Vajasaneyi-Samhita, Vājasaneyi-Saṃhitā, Vajasaneyisamhita: 3 definitions

Introduction

Introduction:

Vajasaneyi-Samhita means something in Hinduism, Sanskrit. If you want to know the exact meaning, history, etymology or English translation of this term then check out the descriptions on this page. Add your comment or reference to a book if you want to contribute to this summary article.

In Hinduism

General definition (in Hinduism)

[«previous next»] — Vajasaneyi-Samhita in Hinduism glossary
Source: Wisdom Library: Hinduism

Vājasaneyi-Saṃhitā, or continuous text of the vājasaneyins (id est of the hymns of the White yajur-veda - ascribed to the ṛṣi - yājñavalkya). It is divided into 40 adhyāya's with 303 anuvāka's, comprising 1975 sections or kaṇḍikā's: the legend relates that the original yajus was taught by the ṛṣi vaiśampāyana to his pupil yājñavalkya, but the latter having incurred his teacher's anger was made to disgorge all the texts he had learnt, which were then picked up by vaiśampāyana's other disciples in the form of partridges yājñavalkya then hymned the Sun, who gratified by his homage, appeared in the form of a vājin (or horse), and consented to give him fresh yajus texts, which were not known to his former master

Languages of India and abroad

Sanskrit dictionary

[«previous next»] — Vajasaneyi-Samhita in Sanskrit glossary
Source: Cologne Digital Sanskrit Dictionaries: Aufrecht Catalogus Catalogorum

1) Vājasaneyisaṃhitā (वाजसनेयिसंहिता) as mentioned in Aufrecht’s Catalogus Catalogorum:—[Mackenzie Collection] 7 (?). Io. 2125. 2391. 2465. 2479. W. p. 40. Oxf. 364^b. 393^b. 394^a. 396^a. Paris. (D 59 a. 201. 202). B. 1, 18. 20. 26. 28 (and—[commentary]). Ben. 5. Bik. 32-34. 36. Tu7b. 18. Haug. 12. Pheh. 3. Rādh. 2. 43. NW. 20. Oudh. Iii, 2. Np. I, 22. P. 5. Bhk. 5. Bhr. 12. 13. 495. H. 20-22. Oppert. 1567. Ii, 480. 4189. 6951. Rice. 2. 4. W. 1456. 1457. Peters. 2, 170. 171. 3, 385. Bp. 284. 285. Bühler 537. 552. Kramapāṭha. L. 1803. 1804. Bik. 35-44. Peters. 2, 171. Bp. 285. Sb. 41. Kramasaṃdhāna. Lahore. 2. Jaṭāpāṭha. Oxf. 393^a. Bp. 285. Dīrghapāṭha. Bik. 34. 35. Bhk. 5. Vājasaneyisaṃhitā in the Kāṇvaśākhā. Oxf. 377^a. Ben. 9. Np. Ix, 2. X, 2. Mysore. 1. Bhr. 489. Rice. 4. Peters. 2, 175. 3, 383. Jaṭāpāṭha. Oxf. 365^b.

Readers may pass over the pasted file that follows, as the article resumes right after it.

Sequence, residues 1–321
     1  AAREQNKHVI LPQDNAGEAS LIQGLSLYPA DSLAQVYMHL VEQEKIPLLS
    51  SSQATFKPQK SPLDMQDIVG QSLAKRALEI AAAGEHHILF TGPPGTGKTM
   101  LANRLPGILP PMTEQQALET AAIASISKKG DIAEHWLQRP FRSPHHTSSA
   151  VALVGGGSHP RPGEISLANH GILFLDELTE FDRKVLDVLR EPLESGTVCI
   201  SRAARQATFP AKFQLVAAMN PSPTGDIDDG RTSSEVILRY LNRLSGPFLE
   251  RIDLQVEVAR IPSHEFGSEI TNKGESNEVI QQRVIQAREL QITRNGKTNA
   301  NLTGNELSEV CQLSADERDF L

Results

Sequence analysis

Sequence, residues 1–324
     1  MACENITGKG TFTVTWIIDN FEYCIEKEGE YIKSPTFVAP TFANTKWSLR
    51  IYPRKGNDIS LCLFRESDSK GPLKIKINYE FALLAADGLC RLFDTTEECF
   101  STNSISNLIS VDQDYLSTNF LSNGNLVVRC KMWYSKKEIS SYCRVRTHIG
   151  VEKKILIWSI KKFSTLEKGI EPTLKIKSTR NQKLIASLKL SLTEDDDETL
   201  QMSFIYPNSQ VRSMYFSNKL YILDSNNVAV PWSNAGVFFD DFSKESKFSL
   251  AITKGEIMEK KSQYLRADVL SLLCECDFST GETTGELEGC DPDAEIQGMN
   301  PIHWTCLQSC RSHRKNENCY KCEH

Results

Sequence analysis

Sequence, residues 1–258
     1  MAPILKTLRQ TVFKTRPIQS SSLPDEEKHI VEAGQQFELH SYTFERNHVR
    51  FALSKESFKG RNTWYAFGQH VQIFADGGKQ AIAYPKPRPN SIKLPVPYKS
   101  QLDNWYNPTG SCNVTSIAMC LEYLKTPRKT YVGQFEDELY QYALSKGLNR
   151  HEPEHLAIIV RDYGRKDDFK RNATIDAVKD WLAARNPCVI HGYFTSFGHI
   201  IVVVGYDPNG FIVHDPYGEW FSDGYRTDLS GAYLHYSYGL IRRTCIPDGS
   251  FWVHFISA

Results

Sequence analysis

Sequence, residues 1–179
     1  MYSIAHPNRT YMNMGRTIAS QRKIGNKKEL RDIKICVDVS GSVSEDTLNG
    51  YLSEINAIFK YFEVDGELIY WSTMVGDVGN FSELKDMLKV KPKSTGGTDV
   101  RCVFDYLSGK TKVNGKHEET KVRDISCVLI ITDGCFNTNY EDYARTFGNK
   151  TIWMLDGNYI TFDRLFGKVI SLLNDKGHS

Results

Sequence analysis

—[commentary] by Anantadeva. Peters. 3, 383.
—[commentary] by Ānandabhaṭṭa Caturvedin. Bl. 2.
—[commentary] Mantrabhāṣya by Uvaṭa. Io. 3215. 3216. Oxf. 405^a. L. 2540. Kh. 56. B. 1, 8. 16. 18. 20. Report. Iii. Ben. 6. 13. Bik. 36 -43. Rādh. 1. Oudh. X, 4. Lahore. 2. P. 4. 22. Bhr. 14-16. Peters. 2, 170. Bühler 552.
—[commentary] Vedadīpa by Mahīdhara. Io. 2465. 2479. W. p. 42. Oxf. 364^b. 395^a. 396^a. Paris. (D 206). Khn. 2. Ben. 7. 13. Rādh. 1. 2. NW. 18. 20. 28. Oudh. Iv, 1. Np. Iii, 94. P. 4. 5. Bhk. 5. Peters. 2, 170. 171. No tradition has come down that Sāyaṇa commented on the Vs. The Mantrabhāṣya and the Vājasaneyabhāṣya attributed to Sāyaṇa in Oppert. 2945. 3451. 6110. Ii, 4920 must be verified by circumspect scholars.
—Vājasaneyiprātiśākhya by Kātyāyana. See Pārshada. Io. 598. W. p. 41. Khn. 61. B. 1, 208. Mysore. 2. Bhk. 8. W. 1460. 1461 (and—[commentary]). Bühler 553.
—[commentary] by Ananta Bhaṭṭa. Bhr. 518. Bühler 553.
—[commentary] Mātṛmodaka by Uvaṭa. Io. 598. W. p. 41. Np. Vi, 6. P. 21. Bhk. 8. W. 1462. Peters. 2, 173. Bp. 258. Bühler 553. Sb. 56.
—[commentary] Vaidikābharaṇa by Gārgya Gopāla. Mysore. 2.